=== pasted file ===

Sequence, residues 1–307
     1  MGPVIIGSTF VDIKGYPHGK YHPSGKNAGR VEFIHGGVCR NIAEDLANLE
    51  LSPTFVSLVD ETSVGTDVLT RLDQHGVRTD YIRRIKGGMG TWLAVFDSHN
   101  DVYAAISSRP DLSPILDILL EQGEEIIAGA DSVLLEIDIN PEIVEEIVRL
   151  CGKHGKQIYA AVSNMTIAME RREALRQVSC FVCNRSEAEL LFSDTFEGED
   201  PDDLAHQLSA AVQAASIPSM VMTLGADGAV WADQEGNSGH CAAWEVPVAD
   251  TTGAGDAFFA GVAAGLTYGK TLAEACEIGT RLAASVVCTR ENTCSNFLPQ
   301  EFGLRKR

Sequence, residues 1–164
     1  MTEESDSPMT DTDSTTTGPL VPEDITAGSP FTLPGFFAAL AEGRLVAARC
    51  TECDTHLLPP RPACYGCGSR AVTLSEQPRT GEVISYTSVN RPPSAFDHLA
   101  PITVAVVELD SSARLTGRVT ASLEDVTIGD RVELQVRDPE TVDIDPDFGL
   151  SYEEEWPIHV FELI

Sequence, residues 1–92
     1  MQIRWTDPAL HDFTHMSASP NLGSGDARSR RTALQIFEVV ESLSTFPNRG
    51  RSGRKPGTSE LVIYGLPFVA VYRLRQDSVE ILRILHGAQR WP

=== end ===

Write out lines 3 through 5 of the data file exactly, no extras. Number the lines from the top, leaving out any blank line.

    51  LSPTFVSLVD ETSVGTDVLT RLDQHGVRTD YIRRIKGGMG TWLAVFDSHN
   101  DVYAAISSRP DLSPILDILL EQGEEIIAGA DSVLLEIDIN PEIVEEIVRL
   151  CGKHGKQIYA AVSNMTIAME RREALRQVSC FVCNRSEAEL LFSDTFEGED